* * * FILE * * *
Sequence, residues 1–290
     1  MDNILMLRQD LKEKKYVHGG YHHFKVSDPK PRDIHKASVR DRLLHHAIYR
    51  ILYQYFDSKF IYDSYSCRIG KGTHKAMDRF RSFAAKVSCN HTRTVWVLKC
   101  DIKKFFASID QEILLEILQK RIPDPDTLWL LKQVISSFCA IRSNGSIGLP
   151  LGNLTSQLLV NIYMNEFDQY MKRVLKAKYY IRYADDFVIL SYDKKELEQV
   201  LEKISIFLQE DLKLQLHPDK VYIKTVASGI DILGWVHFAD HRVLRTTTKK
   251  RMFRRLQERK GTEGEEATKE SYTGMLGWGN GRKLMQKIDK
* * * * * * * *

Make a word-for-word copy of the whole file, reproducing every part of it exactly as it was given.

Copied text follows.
Sequence, residues 1–290
     1  MDNILMLRQD LKEKKYVHGG YHHFKVSDPK PRDIHKASVR DRLLHHAIYR
    51  ILYQYFDSKF IYDSYSCRIG KGTHKAMDRF RSFAAKVSCN HTRTVWVLKC
   101  DIKKFFASID QEILLEILQK RIPDPDTLWL LKQVISSFCA IRSNGSIGLP
   151  LGNLTSQLLV NIYMNEFDQY MKRVLKAKYY IRYADDFVIL SYDKKELEQV
   201  LEKISIFLQE DLKLQLHPDK VYIKTVASGI DILGWVHFAD HRVLRTTTKK
   251  RMFRRLQERK GTEGEEATKE SYTGMLGWGN GRKLMQKIDK